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abolishing solitary


Remember when it was a cause célèbre?

And not just within the American prison movement. The mainstream media, including the New York Times and The New Yorker, was on the bandwagon. Articles, essays, and books exposing the widespread and deleterious practice were everywhere. Even the United Nations had something to say, condemning solitary confinement and labeling the practice “torture” when it exceeded fifteen days. State legislatures held hearings on solitary confinement, and even the Secretary of Corrections in Colorado spent a night in solitary confinement and promptly condemned the practice. So what happened? Did the practice end? Was it even severely curtailed? If so, where? Why did the concern evaporate? Like so many other campaigns centered around tweaking a single, isolated abuse or issue. 


My recent stay in solitary confinement at SCI-Smithfield and SCI-Fayette in Pennsylvania, a state that was investigated a few year ago by the DOJ because of substantiated cases of abuse of mentally ill prisoners in solitary confinement, provided all the answers I needed. Solitary confinement, a practice known to cause and exacerbate mental illness, is still being used across America’s carceral landscape. Moreover, it has multiplied. In Pennsylvania, there are not only restricted housing units (RHU’s; the formal name for the hole), but also SMU’s (special management units), BMU’s (behavior modification units), SRTU’s (special restricted treatment units), RRL (restricted release units) and SDU’s ( step down units). While their names may differ, they are all predicated upon isolation, deprivation, and humiliation.

So what happened?

Where did we go wrong?

We made the same mistakes we always make. We shrank and dichotomized our demands. We forgot how easily the PIC absorbs and adjusts to our demands, preserving itself through transformation. It was Ai-jen Poo who said:

When we shrink our demands to what we think is politically achievable, it actually undermines our ability to succeed.

We started out as a movement to end the pernicious and debilitating practice of isolating, alienating, and depriving humans of meaningful contact with other humans as a way to achieve “safety.” Everyone agreed solitary confinement was torture. It caused physiological and psychological harm and created unsafe situations. It needed to end.

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Somewhere along the way, our demands began to shrink. We would tolerate solitary confinement as long as it wasn’t indefinite. The findings that more than 15 days were harmful went out the window. From there, we shrank our demands even more. We would tolerate solitary confinement as long as certain populations were exempt. This is where the dichotomizing came in. Although we had held the belief that the practice was torture, we accepted the argument that there were prisoners who deserved this form of torture and others who didn’t. So as long as juveniles, the mentally ill, and elderly were exempt from solitary confinement, we were okay with it.

The PIC quickly absorbed these stripped down demands and adjusted. The torture wasn’t eliminated. It was shifted. Moreover, the populations that were most targeted for placement in solitary confinement saw their numbers increase. The hole has always been used to contain and harm certain classes of prisoners: political prisoners, politicized prisoners, mentally ill, queer/trans, and young prisoners still fill the solitary confinement blocks, whatever initials they go by now.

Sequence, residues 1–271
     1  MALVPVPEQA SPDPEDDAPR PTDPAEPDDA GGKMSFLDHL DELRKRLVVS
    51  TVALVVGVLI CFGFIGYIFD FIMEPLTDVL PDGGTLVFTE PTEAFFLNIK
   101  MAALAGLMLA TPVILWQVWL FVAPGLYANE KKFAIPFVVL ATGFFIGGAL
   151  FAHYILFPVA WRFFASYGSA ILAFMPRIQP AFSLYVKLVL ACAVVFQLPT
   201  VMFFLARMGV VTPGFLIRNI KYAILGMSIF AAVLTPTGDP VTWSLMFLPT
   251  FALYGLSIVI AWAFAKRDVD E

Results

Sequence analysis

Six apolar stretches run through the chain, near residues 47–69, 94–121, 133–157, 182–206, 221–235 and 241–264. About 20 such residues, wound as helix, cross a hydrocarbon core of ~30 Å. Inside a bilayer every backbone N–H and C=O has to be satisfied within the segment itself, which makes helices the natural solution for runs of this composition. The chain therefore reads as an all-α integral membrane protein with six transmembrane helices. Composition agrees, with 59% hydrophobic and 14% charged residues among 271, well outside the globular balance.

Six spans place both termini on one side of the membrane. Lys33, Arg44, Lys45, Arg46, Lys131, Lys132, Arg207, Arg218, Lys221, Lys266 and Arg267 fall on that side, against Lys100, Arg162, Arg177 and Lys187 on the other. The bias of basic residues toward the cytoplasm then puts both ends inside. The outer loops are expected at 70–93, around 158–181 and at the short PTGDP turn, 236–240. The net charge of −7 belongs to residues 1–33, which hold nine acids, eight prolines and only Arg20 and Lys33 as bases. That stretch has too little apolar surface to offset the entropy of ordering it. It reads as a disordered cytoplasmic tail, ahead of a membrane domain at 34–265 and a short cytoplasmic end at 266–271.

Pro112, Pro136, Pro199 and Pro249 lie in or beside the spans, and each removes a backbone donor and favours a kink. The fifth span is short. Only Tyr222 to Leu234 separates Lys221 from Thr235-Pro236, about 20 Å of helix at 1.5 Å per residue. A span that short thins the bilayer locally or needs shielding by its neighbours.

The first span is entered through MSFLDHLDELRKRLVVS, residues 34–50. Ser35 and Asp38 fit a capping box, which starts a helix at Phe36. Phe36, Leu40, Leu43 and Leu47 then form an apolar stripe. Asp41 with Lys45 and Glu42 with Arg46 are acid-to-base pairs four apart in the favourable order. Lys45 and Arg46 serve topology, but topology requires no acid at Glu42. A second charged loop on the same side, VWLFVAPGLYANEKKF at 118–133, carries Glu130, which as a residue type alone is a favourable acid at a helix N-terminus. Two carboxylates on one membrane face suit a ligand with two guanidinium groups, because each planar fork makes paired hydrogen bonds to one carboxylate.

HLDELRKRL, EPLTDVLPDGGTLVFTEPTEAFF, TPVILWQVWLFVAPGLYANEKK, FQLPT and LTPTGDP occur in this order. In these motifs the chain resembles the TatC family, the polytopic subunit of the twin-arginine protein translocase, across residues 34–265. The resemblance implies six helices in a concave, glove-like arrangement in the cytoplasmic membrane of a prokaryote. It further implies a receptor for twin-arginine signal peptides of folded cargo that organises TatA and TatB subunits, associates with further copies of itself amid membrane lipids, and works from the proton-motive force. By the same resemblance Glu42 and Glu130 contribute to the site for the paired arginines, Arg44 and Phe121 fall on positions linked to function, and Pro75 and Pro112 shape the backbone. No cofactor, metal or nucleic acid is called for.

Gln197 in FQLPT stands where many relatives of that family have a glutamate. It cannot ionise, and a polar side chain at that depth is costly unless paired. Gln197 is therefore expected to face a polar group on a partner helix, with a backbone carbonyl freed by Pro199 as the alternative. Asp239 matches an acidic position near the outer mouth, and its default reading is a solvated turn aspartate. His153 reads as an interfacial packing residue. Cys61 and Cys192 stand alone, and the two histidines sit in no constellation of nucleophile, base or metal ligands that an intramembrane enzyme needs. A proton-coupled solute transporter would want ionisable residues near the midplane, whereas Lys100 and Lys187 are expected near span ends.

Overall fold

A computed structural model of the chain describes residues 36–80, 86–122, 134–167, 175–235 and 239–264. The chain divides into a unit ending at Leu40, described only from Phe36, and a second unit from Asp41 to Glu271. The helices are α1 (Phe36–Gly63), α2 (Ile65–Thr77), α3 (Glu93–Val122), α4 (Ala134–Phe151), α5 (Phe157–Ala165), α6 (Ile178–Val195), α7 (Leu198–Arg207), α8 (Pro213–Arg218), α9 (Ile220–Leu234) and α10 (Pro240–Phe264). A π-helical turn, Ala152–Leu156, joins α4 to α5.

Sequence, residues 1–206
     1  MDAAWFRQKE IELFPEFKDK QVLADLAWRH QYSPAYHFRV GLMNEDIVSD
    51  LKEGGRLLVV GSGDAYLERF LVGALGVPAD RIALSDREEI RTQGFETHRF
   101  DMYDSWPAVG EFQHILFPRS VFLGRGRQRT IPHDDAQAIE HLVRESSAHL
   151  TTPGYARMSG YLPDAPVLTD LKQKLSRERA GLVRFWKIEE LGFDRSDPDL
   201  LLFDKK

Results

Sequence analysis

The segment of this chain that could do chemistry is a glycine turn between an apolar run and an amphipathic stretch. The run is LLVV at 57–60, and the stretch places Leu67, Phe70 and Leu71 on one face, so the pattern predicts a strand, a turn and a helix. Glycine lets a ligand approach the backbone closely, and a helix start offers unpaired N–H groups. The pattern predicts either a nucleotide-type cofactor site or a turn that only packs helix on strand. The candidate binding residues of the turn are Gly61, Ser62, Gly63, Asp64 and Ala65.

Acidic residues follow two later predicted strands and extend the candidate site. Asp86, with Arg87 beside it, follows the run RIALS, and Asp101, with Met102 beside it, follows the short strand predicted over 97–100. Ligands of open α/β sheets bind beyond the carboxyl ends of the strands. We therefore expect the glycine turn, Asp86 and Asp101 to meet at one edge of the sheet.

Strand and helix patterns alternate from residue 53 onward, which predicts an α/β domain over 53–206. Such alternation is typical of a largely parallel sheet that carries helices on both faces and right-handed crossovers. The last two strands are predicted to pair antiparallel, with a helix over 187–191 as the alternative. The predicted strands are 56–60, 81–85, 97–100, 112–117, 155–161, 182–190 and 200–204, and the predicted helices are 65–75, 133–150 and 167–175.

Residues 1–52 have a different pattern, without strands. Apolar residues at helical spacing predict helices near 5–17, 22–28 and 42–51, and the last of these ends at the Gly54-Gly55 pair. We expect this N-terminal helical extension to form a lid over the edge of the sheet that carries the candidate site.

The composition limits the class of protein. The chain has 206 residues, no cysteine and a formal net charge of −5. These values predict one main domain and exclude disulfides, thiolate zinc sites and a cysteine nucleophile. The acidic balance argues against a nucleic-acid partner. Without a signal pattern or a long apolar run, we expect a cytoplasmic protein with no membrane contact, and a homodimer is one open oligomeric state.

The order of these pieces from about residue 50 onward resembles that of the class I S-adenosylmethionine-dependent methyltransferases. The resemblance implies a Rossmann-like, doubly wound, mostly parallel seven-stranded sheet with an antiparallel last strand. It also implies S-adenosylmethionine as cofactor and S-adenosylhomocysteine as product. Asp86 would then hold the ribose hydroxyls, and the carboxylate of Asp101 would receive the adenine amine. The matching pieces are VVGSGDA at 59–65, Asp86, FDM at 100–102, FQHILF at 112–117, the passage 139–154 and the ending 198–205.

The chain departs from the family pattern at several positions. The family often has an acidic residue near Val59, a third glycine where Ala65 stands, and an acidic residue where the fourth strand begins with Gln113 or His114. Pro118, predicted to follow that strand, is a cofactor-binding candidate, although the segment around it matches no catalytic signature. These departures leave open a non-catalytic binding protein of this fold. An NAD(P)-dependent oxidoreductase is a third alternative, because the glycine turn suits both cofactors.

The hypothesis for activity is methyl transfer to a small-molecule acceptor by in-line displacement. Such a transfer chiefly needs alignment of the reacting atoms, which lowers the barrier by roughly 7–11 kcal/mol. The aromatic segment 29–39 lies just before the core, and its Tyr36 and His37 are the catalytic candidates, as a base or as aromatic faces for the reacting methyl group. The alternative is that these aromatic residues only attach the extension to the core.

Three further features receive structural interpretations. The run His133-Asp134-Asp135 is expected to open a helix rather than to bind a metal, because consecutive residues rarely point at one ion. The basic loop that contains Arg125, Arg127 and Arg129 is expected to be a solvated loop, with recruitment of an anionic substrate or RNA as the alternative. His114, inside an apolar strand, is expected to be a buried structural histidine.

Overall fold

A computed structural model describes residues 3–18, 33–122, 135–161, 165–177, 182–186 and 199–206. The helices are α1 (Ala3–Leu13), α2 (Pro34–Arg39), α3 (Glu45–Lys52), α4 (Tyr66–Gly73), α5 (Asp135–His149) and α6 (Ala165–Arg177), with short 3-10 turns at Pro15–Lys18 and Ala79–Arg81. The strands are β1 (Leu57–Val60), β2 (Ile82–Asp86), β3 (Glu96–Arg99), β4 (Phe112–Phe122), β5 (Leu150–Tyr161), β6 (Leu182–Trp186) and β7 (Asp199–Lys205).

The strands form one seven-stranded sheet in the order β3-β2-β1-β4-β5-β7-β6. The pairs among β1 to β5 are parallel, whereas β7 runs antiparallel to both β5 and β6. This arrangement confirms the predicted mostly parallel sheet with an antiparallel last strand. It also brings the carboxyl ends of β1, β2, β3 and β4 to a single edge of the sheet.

While in the hole at Smithfield, my neighbors were a heavily medicated, mentally ill nineteen-year old who’s been locked up since he was fifteen, a young queer prisoner, and a 57 year-old prisoner. The mentally ill prisoner had 105 days hole-time to do. What happened to more than 15 days being torture? At Fayette, my neighbor had more than two years in the hole. Four queer prisoners were housed right below me. It seems that the more things change, the more they stay the same.

Right now, David Easley is still in the hole in Ohio– more than a year after being placed there. His infraction:

being a woke prisoner.

We must continue the fight to end solitary confinement, not just indefinite solitary confinement or confinement of certain populations. We must shrink the spaces designated for this heinous practice, not our demands. We must eliminate the ideology that isolating, alienating and depriving humans somehow creates safety. We must downsize the number of beds used for solitary confinement. For as long as the beds are there, prison officials will fill them. We need to reach for unsimple victories. Many of our comrades are languishing and suffering in solitary confinement. As long as there are people being held under these circumstances, we must fight. We must not let the conscience of the public or prison officials rest. Now is not the time to rest. Angela Davis warned us about “when pivotal though less glamorous moments arise, when our solidarities are needed more then ever, we fail to generate suitable responses.” All over this country, people are being held in solitary confinement, being tortured. What will our response be?

Agreement to End All Hostilities rally, Riverside CA (2012)

In Struggle,


You can write to Stevie at the following address: 

Stephen Wilson LB8480; SCI Fayette PO Box 33028 St. Petersburg FL 33733

To send him books or any other educational materials for our inside/outside network’s new project at SCI Fayette, address all packages to:

Security Processing Center – Stephen Wilson LB8480; 268 Bricker Road Bellefonte, PA 16823 

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